Neurotrophic factors cause activation of intracellular signaling pathways in Müller cells and other cells of the inner retina, but not photoreceptors

Invest Ophthalmol Vis Sci. 2000 Mar;41(3):927-36.


Purpose: Intravitreal injection of brain-derived neurotrophic factor (BDNF), ciliary neurotrophic factor (CNTF), or basic fibroblast growth factor (FGF2) promotes survival of photoreceptors exposed to various types of insults, but it is not known if these survival-promoting effects occur by direct action of the factors on photoreceptors or indirectly through the activation of other cells. In this study, the authors have sought to address this issue by determining which cells in the retina show evidence of activated intracellular signaling pathways acutely and at longer time points after intravitreal injection of these agents.

Methods: Retinas were removed from C57BL/6J mice at 1, 6, or 24 hours after intravitreal injection of 1 microg of human BDNF, rat CNTF, human FGF2, or human transforming growth factor-alpha (TGFalpha), and immunohistochemically stained for phosphorylated extracellular signal-regulated kinase (pERK), phosphorylated cAMP responsive element binding protein (pCREB), or c-fos. Retinal organ cultures were incubated with 10 ng/ml of BDNF, CNTF, FGF2, or TGFalpha for 10 or 30 minutes or 1, 3, or 6 hours and then immunohistochemically stained for pERK, pCREB, or c-fos.

Results: Intravitreal injection of BDNF, CNTF, or FGF2 resulted in a rapid increase in pERK immunoreactivity in Müller cells and a rapid increase in c-fos immunoreactivity in Müller, amacrine, and ganglion cells. Immunoreactivity for pERK and c-fos returned to baseline in all retinal cells at 6 or 24 hours after injection, but there was increased staining for glial fibrillary acidic protein (GFAP) in Müller cells at these time points. At no time after injection was there any staining for pERK or c-fos in photoreceptors. Similarly, retinal explants treated with FGF2, BDNF, or CNTF showed increased staining for pCREB, pERK, and c-fos in cells of the inner retina, but not photoreceptors.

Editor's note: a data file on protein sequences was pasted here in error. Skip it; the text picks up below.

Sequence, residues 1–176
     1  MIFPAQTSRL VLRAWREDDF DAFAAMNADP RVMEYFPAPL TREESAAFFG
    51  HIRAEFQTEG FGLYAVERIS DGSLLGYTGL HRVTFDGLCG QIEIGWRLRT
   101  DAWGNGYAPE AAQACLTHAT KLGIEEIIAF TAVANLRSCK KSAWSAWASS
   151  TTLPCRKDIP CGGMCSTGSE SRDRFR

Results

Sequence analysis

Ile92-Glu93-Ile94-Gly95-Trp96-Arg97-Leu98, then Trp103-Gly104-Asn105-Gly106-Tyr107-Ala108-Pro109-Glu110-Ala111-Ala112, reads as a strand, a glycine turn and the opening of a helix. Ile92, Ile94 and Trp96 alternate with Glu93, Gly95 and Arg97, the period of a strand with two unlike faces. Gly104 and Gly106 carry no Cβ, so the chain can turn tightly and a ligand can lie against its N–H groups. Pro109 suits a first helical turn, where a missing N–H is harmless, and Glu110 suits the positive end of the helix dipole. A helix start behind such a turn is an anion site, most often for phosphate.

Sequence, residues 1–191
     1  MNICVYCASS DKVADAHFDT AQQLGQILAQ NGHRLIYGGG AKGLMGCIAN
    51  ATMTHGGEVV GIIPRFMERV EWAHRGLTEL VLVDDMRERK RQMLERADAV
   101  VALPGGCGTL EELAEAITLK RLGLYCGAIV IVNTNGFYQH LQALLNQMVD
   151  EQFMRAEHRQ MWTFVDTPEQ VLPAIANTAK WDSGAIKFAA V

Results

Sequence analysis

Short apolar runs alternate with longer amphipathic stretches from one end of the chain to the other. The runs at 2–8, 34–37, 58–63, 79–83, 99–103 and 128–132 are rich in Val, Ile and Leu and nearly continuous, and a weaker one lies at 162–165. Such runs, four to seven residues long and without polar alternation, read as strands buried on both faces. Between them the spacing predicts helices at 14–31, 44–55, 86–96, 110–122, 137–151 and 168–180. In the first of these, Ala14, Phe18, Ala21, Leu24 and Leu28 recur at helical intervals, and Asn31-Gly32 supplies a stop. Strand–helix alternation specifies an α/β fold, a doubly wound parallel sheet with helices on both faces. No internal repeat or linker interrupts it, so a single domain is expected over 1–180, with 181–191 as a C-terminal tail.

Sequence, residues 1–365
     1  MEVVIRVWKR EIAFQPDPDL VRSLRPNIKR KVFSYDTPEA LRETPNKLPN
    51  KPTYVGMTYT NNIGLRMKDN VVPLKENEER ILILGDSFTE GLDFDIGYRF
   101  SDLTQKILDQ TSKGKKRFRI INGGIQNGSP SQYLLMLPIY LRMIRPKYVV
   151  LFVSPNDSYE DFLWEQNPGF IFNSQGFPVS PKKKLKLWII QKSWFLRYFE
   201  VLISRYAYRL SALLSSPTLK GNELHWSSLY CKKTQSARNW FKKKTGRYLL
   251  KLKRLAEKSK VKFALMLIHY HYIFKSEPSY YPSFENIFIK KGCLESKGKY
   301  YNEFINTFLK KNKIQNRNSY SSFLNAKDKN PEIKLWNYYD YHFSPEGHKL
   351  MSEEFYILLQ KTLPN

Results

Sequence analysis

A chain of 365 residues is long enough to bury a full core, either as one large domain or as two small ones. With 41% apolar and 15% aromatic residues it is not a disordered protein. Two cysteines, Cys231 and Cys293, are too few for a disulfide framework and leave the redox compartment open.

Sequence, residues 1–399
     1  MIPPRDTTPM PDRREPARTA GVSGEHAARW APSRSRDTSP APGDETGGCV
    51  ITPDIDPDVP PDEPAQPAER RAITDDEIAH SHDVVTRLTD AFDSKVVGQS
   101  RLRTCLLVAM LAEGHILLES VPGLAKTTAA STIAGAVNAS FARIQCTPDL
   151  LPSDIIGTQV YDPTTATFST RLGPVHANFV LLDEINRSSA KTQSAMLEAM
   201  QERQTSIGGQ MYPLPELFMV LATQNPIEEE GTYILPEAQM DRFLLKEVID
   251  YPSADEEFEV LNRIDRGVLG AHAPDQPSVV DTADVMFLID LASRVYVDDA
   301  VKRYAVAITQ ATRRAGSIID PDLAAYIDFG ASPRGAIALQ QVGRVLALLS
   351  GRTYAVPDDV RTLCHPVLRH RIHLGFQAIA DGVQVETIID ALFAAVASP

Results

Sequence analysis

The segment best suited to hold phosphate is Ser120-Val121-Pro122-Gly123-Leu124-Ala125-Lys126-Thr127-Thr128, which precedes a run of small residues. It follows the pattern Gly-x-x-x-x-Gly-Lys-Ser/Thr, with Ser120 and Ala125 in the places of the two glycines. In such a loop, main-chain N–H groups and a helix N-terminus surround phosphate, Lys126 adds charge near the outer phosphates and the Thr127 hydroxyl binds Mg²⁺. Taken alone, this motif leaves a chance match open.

Conclusions: These data support the hypothesis that BDNF, CNTF, and FGF2 exert their effects on photoreceptors by acting indirectly through activation of Müller cells and perhaps other nonphotoreceptor cells.

Publication types

  • Research Support, Non-U.S. Gov't
  • Research Support, U.S. Gov't, P.H.S.

MeSH terms

  • Animals
  • Brain-Derived Neurotrophic Factor / pharmacology*
  • Ciliary Neurotrophic Factor / pharmacology*
  • Cyclic AMP Response Element-Binding Protein / metabolism
  • Fibroblast Growth Factor 2 / pharmacology*
  • Fluorescent Antibody Technique, Indirect
  • Glial Fibrillary Acidic Protein / metabolism
  • Injections
  • Mice
  • Mice, Inbred C57BL
  • Mitogen-Activated Protein Kinases / metabolism
  • Neuroglia / drug effects*
  • Neuroglia / metabolism
  • Organ Culture Techniques
  • Photoreceptor Cells, Vertebrate / drug effects*
  • Proto-Oncogene Proteins c-fos / metabolism
  • Retinal Ganglion Cells / drug effects*
  • Retinal Ganglion Cells / metabolism
  • Signal Transduction / drug effects*
  • Vitreous Body


  • Brain-Derived Neurotrophic Factor
  • Ciliary Neurotrophic Factor
  • Cyclic AMP Response Element-Binding Protein
  • Glial Fibrillary Acidic Protein
  • Proto-Oncogene Proteins c-fos
  • Fibroblast Growth Factor 2
  • Mitogen-Activated Protein Kinases